Diocesan director of Finance Larry French presents one of a series of 10 seminars to priests, personnel and volunteers on detecting and preventing fraud. (Catholic Herald photo by Jenny Snarski)

Jenny Snarski
Catholic Herald Staff

During late October and early November, the Diocese of Superior’s Department of Finance head Larry French offered 10 seminars – two in each deanery – presenting best practices for internal controls. The target audience was pastoral leaders, trustees, finance council chairs and members as well as parish and school bookkeepers. An average of 25 people attended each session; almost every parish and/or cluster was represented.

As Dan Blank, diocesan director of administrative services, said on Nov. 14 at the session offered in Tony, the seminars had been prompted by the embezzlement cases in the Webster and Rice Lake clusters; both cases have been finalized within the last 12 months.

Discussions between Bishop James P. Powers and the diocesan finance council resulted in an action plan to “help all the parishes realize the risks of running parish finances and help people have a nice, solid base of knowledge on some good best practices in hopes that no one else will ever go through something as horrible as that,” Blank said.

He added, “The betrayal and breach of trust of people in our parishes, especially when that betrayal turns into a crime, it really hits hard – not only the pastors, but council members and parishioners, too.”

Blank wanted to assure participants the series of seminars was not at all a reprimand, rather a way for the many employees and volunteers in diocesan entities to be encouraged and supported. He expressed thanks on behalf of the bishop for their hard work and dedication. He thanked the priests and, due to the current shortage of priests, various forms of acting parish managers.
Before introducing the finance director, Blank asked for continued prayers for vocations. He said “the youth and young adult ministry is really bearing fruit,” commenting on the recent steady stream of applications to the seminary, a testament to diocesan youth hearing and being open to discerning a call.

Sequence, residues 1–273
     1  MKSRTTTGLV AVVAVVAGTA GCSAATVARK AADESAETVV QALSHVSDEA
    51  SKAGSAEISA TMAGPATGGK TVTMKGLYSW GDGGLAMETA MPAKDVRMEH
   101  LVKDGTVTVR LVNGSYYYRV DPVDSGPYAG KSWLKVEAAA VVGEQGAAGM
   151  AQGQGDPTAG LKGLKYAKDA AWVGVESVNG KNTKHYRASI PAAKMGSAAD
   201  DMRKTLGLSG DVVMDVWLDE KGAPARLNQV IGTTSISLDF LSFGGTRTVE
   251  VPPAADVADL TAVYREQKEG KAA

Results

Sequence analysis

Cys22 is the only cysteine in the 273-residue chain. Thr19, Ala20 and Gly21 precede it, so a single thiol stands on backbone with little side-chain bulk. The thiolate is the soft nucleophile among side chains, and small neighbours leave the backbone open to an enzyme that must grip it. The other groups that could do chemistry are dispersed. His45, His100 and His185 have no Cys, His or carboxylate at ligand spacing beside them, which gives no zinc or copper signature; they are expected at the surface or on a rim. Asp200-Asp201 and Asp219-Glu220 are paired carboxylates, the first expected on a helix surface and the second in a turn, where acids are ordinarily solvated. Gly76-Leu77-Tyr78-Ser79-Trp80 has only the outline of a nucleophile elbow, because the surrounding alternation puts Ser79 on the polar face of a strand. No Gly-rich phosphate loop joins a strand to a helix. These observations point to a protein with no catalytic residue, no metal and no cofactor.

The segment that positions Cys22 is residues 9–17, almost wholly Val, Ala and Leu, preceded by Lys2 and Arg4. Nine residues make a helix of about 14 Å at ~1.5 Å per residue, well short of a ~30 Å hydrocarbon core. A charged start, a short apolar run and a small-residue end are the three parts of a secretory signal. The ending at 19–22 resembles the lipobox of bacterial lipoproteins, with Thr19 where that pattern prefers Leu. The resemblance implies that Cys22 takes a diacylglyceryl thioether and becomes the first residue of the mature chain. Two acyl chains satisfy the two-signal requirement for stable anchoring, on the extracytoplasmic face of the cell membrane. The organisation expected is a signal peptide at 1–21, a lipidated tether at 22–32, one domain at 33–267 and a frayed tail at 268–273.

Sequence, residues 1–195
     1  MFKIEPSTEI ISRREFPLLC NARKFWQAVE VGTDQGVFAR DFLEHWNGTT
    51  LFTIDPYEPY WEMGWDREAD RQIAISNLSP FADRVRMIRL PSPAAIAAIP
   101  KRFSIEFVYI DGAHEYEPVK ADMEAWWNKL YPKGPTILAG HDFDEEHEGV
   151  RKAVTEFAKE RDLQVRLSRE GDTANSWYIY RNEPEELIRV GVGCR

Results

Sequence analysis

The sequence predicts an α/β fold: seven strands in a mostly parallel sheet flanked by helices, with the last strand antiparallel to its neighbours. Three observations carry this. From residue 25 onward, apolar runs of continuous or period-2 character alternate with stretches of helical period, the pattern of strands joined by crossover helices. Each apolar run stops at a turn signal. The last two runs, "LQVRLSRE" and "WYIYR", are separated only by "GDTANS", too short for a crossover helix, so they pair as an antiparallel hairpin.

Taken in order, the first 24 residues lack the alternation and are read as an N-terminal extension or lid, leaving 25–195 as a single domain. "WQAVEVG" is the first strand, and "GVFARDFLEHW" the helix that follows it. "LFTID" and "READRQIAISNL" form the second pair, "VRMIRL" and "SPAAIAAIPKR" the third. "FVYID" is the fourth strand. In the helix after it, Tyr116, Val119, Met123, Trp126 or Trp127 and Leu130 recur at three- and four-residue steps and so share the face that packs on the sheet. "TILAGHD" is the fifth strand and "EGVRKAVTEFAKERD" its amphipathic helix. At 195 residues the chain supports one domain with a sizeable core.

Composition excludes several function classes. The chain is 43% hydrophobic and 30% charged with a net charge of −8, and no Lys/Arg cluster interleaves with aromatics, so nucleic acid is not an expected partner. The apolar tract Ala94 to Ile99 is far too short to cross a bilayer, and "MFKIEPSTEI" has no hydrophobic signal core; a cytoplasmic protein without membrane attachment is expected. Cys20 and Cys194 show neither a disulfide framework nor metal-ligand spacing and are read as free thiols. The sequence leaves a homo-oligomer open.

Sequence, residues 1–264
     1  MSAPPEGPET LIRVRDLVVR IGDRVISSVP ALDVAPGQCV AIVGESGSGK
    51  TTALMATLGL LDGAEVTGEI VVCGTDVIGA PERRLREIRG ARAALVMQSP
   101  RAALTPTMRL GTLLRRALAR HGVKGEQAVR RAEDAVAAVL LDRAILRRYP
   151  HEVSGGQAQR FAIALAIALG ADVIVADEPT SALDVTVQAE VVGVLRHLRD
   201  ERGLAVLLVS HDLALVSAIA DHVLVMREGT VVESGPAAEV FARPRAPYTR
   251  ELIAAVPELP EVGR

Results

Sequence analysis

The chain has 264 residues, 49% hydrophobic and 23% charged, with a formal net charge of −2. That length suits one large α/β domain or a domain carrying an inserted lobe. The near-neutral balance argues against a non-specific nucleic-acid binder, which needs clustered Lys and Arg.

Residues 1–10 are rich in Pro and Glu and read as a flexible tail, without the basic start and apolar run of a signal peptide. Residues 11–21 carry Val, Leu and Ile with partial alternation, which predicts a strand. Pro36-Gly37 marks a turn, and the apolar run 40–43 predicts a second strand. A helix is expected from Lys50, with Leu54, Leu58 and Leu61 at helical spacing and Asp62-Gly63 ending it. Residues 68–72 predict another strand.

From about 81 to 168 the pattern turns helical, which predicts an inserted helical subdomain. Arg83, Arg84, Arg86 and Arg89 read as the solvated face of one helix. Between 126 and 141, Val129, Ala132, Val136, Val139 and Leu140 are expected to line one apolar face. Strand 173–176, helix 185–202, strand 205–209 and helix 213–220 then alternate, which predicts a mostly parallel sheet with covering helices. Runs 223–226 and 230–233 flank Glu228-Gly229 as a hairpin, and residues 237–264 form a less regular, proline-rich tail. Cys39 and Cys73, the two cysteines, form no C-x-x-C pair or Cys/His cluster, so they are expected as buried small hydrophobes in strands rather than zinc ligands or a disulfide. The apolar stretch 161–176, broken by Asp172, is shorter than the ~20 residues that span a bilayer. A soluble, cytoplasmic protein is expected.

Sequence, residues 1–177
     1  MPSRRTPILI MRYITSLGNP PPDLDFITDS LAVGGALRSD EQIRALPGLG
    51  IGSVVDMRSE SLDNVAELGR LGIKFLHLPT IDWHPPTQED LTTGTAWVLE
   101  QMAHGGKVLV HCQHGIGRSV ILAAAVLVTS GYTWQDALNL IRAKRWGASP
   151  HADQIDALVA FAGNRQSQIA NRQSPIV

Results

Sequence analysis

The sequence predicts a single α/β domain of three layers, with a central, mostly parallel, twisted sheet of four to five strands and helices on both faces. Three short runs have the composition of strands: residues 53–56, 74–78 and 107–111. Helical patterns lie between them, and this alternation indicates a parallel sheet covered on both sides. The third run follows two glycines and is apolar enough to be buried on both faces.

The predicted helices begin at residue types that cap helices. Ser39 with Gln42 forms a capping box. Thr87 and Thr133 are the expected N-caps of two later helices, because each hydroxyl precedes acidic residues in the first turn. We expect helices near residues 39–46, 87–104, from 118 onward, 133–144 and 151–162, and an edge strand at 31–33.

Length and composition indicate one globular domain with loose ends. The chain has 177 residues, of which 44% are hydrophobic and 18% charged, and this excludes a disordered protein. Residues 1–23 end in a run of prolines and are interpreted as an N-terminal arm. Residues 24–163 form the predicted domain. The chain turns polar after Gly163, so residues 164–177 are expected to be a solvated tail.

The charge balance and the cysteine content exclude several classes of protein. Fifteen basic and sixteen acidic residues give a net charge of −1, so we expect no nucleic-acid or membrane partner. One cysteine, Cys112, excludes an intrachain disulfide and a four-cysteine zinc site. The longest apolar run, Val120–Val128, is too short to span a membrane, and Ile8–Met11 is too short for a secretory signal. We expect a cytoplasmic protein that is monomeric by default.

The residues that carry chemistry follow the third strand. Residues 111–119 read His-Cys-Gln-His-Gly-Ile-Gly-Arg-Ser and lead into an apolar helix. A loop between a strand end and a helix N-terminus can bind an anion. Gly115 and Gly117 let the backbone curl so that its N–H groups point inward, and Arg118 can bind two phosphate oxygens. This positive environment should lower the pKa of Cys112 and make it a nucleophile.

French began by saying, “We’re not here accusing anybody. But the opportunities in the church are so easy, we’re here to protect you … if policies are in place, you are protected. These policies are here … also to protect the Church … and protect our integrity.”

From fraud detection to fraud prevention

He proceeded to offer information on the vulnerabilities diocesan churches and institutions face, a prominent reality in rural dioceses. First, the small size can lead to easy opportunities, given the number of staff and volunteers. Second, the large cost of efforts to make these changes – again given the small numbers of personnel, often covering multiple roles.

Fiduciary responsibility was addressed as it is applied to the priests – laid upon them – and lay staff and volunteers, who willingly accept it. A fiduciary was defined as “a person who holds a legal or ethical relationship of trust with one or more parties whose duties are to manage other people’s money and manage the people who manage the money.”

French said when he’s asked the priests about how much accounting and bookkeeping training they received in the seminaries, he gets “a frowny face” reply.

“Our priest is here first and foremost for our salvation, for the sanctity of our souls, for the sacraments.” After a pause, French added, “and I’m happy to say that because I want to be sanctified … but we need to depend on the rest of us to support our priests in their pastoral role with the fiduciary responsibility.”